The Heart of the Writer

 

Once upon a time--The heart of the writer

 

Once Upon a Time–The Heart of the Writer

I’ve often thought the single greatest obstacle that prevents people from sharing their writing is fear. The basic fear of how your words will be received by the reader. The wider your readership, the greater the fear.  It can be paralyzing, and is often the root cause of so many unfinished novels, or completed works that gather dust in a drawer because the notion of putting them on public display is simply too daunting.

Sometimes I envy writers who only keep a journal or a diary that nobody else will read.  They can transfer their thoughts onto paper and not have to worry about how those feelings and phrases will be judged.  But for those of us who are trying to write for the masses, it’s a genuine concern. When you write, even if it’s pure fiction, it’s still very much a reflection of how you view the world and what you deem to be important and meaningful. What if nobody cares how you see the world?  I imagine that nagging sense of dread even creeps into the minds of some of my favorite modern writers like John Grisham and Ken Follett. I know it did even for literary geniuses like Ernest Hemingway. I imagine even Shakespeare had a few jitters on opening night.

 

The Road to DevotionFear is a recurring theme in some of the characters I’ve created.  In The Road to Devotion, Sarah Talton’s life is rife with fear. Fear of what’s going to happen to the South as sabers rattle, fear of what’s going to happen to the family homestead, fear of how she’ll take care of her younger sister. Sarah is even fearful of horses, which can be a serious drawback for someone trying to operate a small farm. In When the Ravens Die, Malcolm Bride harbors fear of what he might learn about his British ancestry and down what roads that knowledge will lead him. But in both cases, the characters work to overcome their deepest fears to get to a higher truth.  That is what the writer must do… keep pecking away at those fears as they unveil their precious words to the world. I have immense admiration for authors like Pat Conroy and Elizabeth Gilbert who express themselves unblinkingly, bravely and honestly sharing their heartfelt poetry and prose without regard for how the critics will respond.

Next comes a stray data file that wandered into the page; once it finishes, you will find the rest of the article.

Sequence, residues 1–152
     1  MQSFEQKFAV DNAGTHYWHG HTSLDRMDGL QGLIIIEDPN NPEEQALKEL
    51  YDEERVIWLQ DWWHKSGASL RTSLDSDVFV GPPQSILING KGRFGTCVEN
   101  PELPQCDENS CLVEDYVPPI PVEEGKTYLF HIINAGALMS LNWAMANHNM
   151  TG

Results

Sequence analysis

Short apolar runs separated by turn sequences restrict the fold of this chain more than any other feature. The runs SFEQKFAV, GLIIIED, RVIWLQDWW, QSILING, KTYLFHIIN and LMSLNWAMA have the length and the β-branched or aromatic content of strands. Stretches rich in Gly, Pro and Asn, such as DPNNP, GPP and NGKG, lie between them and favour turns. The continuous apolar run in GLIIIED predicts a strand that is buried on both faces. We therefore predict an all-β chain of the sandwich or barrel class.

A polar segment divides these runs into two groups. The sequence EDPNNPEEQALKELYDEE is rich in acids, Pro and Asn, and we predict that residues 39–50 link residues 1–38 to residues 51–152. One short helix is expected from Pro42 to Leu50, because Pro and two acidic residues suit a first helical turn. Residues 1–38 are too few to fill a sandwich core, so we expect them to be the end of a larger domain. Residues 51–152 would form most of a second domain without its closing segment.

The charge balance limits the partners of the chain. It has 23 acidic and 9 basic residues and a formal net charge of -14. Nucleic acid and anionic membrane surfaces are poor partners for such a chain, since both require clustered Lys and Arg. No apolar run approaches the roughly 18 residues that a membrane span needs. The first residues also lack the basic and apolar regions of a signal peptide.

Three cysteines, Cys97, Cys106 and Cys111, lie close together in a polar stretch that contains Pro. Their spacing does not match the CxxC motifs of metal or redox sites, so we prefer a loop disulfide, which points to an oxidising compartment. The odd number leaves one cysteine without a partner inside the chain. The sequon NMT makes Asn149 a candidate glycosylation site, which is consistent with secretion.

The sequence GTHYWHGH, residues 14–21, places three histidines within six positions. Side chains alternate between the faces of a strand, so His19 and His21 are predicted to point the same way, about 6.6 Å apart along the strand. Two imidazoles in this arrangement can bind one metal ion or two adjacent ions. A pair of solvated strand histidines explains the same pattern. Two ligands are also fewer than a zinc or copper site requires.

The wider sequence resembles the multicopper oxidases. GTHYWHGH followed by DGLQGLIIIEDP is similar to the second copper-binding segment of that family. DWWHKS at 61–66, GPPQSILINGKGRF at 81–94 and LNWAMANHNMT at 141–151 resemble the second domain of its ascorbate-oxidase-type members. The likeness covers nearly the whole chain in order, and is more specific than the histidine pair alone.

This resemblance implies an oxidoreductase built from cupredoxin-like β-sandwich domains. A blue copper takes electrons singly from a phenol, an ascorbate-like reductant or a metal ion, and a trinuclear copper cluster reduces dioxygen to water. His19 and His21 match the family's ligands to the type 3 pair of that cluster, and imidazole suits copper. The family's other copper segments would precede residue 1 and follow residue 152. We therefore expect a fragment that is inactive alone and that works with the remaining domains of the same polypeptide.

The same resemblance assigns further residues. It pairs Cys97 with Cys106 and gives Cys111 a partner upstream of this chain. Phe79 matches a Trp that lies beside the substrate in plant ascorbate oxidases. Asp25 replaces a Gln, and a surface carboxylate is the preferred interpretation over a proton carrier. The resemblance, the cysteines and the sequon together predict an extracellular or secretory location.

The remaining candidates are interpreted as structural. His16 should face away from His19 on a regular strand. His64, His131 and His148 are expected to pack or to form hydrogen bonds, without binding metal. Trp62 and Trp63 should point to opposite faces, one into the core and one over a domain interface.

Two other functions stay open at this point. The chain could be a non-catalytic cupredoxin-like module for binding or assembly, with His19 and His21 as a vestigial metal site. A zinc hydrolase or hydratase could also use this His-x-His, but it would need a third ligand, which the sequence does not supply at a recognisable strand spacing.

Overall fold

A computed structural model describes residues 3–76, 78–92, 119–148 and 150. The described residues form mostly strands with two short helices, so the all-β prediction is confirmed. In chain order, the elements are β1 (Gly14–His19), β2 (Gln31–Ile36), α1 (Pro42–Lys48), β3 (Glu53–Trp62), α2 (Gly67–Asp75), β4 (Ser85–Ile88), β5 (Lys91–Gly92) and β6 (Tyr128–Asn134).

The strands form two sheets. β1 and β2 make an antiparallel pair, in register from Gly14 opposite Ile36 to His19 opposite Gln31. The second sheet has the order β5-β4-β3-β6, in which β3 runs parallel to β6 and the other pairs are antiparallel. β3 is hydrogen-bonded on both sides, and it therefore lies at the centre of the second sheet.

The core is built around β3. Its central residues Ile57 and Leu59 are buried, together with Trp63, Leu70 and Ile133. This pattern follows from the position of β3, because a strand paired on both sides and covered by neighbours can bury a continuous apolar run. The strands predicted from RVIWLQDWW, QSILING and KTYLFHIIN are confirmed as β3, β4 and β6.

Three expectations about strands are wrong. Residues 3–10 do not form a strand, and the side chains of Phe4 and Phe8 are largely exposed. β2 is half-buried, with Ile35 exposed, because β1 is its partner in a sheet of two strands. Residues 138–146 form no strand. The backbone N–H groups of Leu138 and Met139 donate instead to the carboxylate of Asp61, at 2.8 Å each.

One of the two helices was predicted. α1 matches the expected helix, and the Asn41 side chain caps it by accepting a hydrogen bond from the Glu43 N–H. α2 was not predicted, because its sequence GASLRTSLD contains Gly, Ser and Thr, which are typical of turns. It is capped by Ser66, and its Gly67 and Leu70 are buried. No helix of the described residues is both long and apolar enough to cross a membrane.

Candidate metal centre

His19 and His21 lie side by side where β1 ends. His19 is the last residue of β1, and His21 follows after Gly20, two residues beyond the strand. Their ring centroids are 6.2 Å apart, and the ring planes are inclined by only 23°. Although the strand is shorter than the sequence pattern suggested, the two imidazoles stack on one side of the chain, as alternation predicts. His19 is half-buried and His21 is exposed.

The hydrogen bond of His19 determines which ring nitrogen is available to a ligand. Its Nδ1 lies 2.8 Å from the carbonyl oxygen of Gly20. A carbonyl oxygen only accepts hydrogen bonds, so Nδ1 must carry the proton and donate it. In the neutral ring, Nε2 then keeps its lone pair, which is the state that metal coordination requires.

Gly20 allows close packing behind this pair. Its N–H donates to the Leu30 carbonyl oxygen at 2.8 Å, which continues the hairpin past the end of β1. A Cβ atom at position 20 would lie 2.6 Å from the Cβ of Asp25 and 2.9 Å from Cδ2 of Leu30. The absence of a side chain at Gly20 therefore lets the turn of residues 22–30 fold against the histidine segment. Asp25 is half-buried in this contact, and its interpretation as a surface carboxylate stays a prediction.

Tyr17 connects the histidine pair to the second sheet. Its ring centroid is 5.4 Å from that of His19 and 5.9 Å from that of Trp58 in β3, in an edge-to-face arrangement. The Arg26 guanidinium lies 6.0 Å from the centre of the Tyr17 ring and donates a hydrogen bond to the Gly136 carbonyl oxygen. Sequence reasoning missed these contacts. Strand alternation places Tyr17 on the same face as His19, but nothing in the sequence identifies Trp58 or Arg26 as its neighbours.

I have some of those worries this week as my new novel, The Sea is Silent, goes to press. How will the readers react?  How will the reviews be?  I do my best to convince myself that as long as I’m satisfied that what I put down on paper is what I intended to say, then I can’t worry about the rest.  Honestly though, easier said than done.  I have that same concern with the Christmas musical I have premiering on November 30th at Theatre Alliance in Winston-Salem.  Theatre Alliance always does an amazing job with their productions, but as the playwright, I worry if I’ve given them enough good grapes to make fine wine.  We shall see on opening night!

Some of my worries were assuaged this week by an unlikely source.  My next manuscript, Mayor Molly, is a middle-grade novel for young readers. As a work in progress, I gave an early draft to a bright young girl in my church to read and help provide me with some feedback from my target audience.  Her mother let me know that her daughter loved it, which makes the heart of the writer soar. (She also said her daughter had some notes, so there’s work left to do!)

My Journalism professor at Wake Forest, Bynum Shaw, gave me the best advice I’ve ever received in the arena of authorship.  He said simply: a writer writes.  I took that to mean that if you have the heart of a storyteller, then you have no choice in your life but to put pen to paper and express those thoughts.  That is truly what will make you happy, and you just can’t worry about the rest.

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